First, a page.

Male Privilege and the Movies

dJoR88Right now the top movie at the U.S. box office is the film Oblivion.  A drone repairman assigned to work on Earth makes a reality-altering discovery. It looks great.

Oblivion stars Tom Cruise, all of 50 years old. He’s of course the male lead. The female lead? 32 year old Ukrainian actress Olga Kurylenko. Who, you ask? Right. It’s as if Universal, the producer, said to the casting folks: “We need a gorgeous, up-and-coming, cheap actress to play opposite Tom. Oh, and make sure she’s young.”

18 years younger to be precise.

The other day I came across this article, from vulture.com. It’s an interesting study on gender, age and Hollywood. And the results of the study are clear:

As leading men age, their love interests stay the same, and even the oldest men on our list have had few romantic pairings with a woman their own age (or even one out of her mid-thirties). If our actor was sharing the screen with an A-lister of commensurate star power like Julia Roberts or Angelina Jolie, the age difference would drop somewhat, but in movies that relied solely on our guy’s big name, the lesser-known love interests would nearly always be decades younger.

Evidently, for Hollywood, men age well and women, well, they just age.

At the risk of over-doing it, one more sample. This is the article’s verdict on Johnny Depp, now a spry 49:

Johnny Depp likes ’em young: Nearly all of his notable love interests have been 25 or under, and a few of them — including Winona Ryder, Juliette Lewis, Christina Ricci, and Keira Knightley (who shared a kiss with Depp in the second Pirates film) — would have been carded at the time they swapped spit with the star. In fact, the cradle-robbing Depp has only had two notable love interests in their mid-thirties, and all Juliette Binoche and Angelina Jolie had to do to make that cut is win an Oscar beforehand. Easy!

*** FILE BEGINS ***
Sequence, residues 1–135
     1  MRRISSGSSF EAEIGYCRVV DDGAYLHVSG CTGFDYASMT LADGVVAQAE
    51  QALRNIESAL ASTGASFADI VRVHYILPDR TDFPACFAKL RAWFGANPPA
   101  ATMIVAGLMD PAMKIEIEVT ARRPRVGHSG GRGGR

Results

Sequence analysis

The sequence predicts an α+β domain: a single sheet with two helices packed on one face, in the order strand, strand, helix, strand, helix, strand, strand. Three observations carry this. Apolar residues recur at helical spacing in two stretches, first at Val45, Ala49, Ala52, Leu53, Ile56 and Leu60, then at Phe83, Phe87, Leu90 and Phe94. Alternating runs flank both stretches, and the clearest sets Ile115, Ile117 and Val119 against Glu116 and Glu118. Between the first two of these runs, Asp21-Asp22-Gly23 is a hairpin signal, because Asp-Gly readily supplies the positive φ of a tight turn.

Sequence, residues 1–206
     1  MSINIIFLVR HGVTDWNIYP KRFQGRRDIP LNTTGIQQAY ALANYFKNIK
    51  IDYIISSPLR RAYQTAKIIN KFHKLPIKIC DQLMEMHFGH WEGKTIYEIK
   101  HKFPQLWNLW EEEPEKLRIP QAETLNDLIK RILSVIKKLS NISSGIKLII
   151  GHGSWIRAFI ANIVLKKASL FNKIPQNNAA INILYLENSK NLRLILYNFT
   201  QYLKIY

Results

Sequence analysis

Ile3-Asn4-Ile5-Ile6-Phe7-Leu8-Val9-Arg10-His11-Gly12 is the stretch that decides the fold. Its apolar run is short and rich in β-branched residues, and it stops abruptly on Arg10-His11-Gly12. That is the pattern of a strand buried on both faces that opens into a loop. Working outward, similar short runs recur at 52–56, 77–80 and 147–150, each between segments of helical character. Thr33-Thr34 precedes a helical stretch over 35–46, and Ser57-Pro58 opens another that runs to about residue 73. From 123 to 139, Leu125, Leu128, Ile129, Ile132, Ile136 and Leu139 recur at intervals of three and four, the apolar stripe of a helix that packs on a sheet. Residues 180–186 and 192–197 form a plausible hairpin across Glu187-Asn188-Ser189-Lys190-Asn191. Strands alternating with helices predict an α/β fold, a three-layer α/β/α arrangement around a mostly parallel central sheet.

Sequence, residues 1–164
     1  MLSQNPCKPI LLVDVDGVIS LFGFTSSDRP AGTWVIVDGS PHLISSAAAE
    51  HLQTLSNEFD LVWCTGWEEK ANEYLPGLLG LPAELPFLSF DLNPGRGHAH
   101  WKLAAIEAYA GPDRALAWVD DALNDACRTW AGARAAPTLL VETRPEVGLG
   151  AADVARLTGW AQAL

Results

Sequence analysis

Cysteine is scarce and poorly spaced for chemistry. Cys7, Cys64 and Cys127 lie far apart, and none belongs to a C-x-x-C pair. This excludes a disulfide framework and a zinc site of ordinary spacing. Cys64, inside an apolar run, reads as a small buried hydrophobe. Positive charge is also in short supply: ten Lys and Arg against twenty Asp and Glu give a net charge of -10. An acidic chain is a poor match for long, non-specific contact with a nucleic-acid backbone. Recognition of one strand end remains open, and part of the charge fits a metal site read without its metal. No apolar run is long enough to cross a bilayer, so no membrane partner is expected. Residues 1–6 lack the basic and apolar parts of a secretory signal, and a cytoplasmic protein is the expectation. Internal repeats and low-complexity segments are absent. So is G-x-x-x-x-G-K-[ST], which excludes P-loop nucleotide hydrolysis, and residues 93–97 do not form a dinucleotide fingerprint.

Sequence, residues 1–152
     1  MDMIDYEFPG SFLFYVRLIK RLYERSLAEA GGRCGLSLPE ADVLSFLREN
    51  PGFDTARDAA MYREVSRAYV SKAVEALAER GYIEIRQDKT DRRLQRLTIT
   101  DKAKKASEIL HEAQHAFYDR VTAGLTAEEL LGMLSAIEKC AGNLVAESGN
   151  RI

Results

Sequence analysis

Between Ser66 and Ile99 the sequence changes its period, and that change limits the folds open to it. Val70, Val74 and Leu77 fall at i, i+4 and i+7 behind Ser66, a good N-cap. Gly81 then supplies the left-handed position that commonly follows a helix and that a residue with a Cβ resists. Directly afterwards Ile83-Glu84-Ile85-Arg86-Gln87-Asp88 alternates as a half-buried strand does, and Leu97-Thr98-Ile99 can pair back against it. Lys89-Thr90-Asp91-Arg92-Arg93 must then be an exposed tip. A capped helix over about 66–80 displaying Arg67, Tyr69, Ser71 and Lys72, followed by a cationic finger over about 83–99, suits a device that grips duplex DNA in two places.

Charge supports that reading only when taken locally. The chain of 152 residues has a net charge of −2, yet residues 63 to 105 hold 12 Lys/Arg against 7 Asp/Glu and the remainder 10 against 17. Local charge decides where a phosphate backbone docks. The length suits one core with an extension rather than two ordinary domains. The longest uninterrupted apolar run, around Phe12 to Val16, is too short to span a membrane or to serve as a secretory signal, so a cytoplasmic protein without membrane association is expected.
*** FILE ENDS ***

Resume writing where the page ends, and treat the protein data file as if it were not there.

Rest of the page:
On one hand, it’s almost comical.

But on the other hand, there’s nothing funny about it. Because millions will watch Oblivion. And in and among all of the other messages that they’ll receive is this one:

It’s the male’s privilege to age well and to have his pick of beautiful, younger women.

And, it’s the women’s problem to age out into obsolescence and/or invest piles of cash in the attempt to look younger and fitter, all in a quest to remain the coveted object of an older man’s desire.

About the media in general and Hollywood in particular, it’s been said that “whoever tells the stories defines the culture.”

It’s time for this particular story to be finished.

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One response to “Male Privilege and the Movies”

  1. Caroline Reid says :

    What does this mean? Marketing a youngster girlie to 18 – 35yr old men (primary audience for this kind of film) is easier than marketing a mid 40s woman.
    Follow the money.
    I’m reading a really interesting book on being an introvert in an society geared towards extraverts. One point the author makes at the outset is that US culture has been moving from a Culture of Character through the 1800s to a Culture of Personality that became most noticeable through the need for a sales force to drive the manufacturing world.
    I’m seeing evidence in this Culture of Personality abounding in our movie industry.

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